By Ronda Simmons
Professional football players warm-up before every game or practice. So do rock climbers, Little Leaguers, dancers and anyone else whose work or art is physical. Increasing heart rates improves your circulation. Stronger blood flow delivers more oxygen to the brain and body and gets the fluids moving to lubricate joints. It readies them for physical activity and prevents injuries.
She's thinking about her WIP.
A proper pre-session warm-up can be as valuable to an author as it is to an Olympic athlete. It is challenging to sit down at a keyboard or desk and begin writing really excellent prose all at once. Gently getting the synapses to fire can prepare the writer to produce his or her best work and can prevent the dreaded writer’s block.
Natalie Goldberg, in Writing Down The Bones, quotes Katagiri Roshi's term: "fighting the tofu." You know tofu, it's viscous and unwieldy. Wrestling in the muck is ineffectual. Writing warm-up can clear out your brain and get to the good stuff. Sorry, tofu lovers.
One way to warm up is to re-write a passage from an author you admire. Copy their prose word for word. Here’s one I often use, the opening paragraph of A Farewell to Arms by Ernest Hemingway:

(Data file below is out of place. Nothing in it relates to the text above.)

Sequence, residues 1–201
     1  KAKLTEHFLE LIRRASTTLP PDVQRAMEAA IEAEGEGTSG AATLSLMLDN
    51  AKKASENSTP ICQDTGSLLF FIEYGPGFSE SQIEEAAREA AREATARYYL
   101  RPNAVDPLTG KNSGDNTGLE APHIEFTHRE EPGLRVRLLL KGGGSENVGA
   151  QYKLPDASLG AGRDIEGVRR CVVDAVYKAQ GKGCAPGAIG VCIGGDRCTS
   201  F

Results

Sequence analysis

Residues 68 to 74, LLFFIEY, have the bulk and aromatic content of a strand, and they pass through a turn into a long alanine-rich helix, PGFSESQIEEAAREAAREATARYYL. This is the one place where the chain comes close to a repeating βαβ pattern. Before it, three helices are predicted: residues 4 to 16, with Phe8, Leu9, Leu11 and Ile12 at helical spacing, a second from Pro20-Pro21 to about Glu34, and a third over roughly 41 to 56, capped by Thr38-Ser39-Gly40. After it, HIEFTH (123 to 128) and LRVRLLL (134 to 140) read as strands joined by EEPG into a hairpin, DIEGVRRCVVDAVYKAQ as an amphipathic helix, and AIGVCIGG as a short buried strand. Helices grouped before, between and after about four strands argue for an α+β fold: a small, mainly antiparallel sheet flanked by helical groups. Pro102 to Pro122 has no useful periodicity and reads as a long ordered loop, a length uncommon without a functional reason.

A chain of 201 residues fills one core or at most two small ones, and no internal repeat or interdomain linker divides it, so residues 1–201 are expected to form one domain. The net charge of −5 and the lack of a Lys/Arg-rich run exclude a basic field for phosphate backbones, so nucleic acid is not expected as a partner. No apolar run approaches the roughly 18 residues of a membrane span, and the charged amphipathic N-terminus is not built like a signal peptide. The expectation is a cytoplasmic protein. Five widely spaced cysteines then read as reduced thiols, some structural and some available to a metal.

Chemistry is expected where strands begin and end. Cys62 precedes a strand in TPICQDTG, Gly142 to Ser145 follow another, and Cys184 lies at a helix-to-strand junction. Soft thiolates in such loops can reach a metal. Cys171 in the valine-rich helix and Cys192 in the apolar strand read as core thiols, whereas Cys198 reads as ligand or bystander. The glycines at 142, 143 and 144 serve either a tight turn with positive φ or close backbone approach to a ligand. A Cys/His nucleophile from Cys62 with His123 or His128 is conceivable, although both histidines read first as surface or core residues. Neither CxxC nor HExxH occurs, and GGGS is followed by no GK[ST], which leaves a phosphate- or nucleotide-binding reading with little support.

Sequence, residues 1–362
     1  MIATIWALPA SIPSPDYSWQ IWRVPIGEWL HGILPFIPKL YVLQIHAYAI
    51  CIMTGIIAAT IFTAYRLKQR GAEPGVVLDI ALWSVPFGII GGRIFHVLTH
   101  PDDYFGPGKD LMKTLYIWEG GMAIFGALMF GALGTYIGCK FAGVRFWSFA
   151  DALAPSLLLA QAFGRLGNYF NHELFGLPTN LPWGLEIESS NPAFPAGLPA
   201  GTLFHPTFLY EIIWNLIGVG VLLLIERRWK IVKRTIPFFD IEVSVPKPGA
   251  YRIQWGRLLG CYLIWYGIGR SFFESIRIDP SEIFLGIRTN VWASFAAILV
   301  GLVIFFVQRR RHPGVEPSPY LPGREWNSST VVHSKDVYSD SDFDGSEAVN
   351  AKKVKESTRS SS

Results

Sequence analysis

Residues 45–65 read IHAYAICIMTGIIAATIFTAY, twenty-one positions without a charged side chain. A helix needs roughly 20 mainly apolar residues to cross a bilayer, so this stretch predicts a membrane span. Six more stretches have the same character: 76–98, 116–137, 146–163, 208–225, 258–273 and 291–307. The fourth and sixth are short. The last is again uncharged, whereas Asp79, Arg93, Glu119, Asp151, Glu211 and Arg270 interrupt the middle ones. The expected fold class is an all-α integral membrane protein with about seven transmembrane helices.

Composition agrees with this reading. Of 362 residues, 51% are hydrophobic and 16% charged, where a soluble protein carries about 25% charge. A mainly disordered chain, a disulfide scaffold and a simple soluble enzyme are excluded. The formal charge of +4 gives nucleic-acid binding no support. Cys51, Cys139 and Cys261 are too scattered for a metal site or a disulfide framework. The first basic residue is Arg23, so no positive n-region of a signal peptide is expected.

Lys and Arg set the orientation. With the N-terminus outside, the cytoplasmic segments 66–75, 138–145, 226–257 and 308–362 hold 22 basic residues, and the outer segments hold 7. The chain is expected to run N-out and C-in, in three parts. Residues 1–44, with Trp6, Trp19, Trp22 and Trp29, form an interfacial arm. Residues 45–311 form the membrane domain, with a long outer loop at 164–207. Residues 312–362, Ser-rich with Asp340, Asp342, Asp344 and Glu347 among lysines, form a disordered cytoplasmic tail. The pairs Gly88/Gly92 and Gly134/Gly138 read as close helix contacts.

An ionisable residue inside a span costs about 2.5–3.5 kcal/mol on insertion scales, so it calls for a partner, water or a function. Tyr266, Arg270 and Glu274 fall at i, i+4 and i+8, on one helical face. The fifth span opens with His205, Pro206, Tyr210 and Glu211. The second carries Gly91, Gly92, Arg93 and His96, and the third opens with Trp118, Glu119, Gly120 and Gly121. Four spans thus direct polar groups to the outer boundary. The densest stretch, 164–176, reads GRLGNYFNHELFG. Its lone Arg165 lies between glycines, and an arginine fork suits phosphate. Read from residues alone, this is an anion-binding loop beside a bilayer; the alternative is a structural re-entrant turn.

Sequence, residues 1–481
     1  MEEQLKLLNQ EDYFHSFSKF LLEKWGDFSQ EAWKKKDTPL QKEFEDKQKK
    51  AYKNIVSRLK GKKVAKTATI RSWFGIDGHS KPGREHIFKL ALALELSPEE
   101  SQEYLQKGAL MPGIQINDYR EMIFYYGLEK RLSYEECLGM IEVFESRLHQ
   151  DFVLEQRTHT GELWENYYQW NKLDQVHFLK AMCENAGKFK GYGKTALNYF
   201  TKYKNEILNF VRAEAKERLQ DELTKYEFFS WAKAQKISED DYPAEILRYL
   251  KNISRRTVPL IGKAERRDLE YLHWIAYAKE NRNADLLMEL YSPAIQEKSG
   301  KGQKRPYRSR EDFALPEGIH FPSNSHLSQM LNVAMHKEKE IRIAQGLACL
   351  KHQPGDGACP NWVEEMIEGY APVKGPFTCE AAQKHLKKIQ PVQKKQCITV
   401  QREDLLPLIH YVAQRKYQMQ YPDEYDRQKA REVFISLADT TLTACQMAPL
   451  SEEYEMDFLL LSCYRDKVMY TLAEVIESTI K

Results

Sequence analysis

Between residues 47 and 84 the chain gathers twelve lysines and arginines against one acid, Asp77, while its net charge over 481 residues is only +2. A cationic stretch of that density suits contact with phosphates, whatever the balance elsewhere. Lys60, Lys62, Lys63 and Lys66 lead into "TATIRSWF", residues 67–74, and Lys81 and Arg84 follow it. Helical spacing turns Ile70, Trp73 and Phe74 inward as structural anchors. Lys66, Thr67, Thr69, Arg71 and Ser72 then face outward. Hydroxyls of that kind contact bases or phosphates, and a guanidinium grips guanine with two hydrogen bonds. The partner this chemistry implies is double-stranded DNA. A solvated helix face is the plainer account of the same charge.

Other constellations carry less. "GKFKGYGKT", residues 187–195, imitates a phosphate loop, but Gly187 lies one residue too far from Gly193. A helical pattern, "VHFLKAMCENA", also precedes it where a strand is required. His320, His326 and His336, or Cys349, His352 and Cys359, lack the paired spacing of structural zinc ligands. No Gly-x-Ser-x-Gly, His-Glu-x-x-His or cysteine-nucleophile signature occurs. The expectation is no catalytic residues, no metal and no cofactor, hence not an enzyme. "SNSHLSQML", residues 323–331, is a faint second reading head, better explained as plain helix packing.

In the late summer of that year we lived in a house in a village that looked across the river and the plain to the mountains. In the bed of the river there were pebbles and boulders, dry and white in the sun, and the water was clear and swiftly moving and blue in the channels. Troops went by the house and down the road and the dust they raised powdered the leaves of the trees. The trunks of the trees too were dusty and the leaves fell early that year and we saw the troops marching along the road and the dust rising and leaves, stirred by the breeze, falling and the soldiers marching and afterward the road bare and white except for the leaves.
I write it and then delete the whole thing. Once I’ve warmed up with a little Hemingway, I find my mind limber and ready to go. My own words flow more easily. I get into the zone more quickly.
I chose this particular passage because it’s haunting and beautiful, and I admire Hemingway’s concise, unadorned style. You might want to try something by Faulkner if you are more of a fan of his long sentences and subordinate clauses.
Or pick anyone else, from Neil Gaiman to Shel Silverstein, Stephen King to Maya Angelou, Diana Gabaldon to Andy Weir to rework. Maybe memoir is your thing. Find an excellent autobiography and copy a couple of beautiful sentences as an exercise.
My favorite? I Feel Bad About My Neck and Other Thoughts on Being a Woman by Nora Ephron.
You may find this technique works for you. Find an excerpt that you consider perfect. Copy it and fall in love all over again.
There are other warm-up techniques, including automatic writing, personification, letter writing, and many others.